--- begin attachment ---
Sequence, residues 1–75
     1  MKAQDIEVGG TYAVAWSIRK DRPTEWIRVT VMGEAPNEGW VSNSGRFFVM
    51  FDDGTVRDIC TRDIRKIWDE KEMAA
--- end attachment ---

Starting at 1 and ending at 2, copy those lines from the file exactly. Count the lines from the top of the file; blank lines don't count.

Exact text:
Sequence, residues 1–75
     1  MKAQDIEVGG TYAVAWSIRK DRPTEWIRVT VMGEAPNEGW VSNSGRFFVM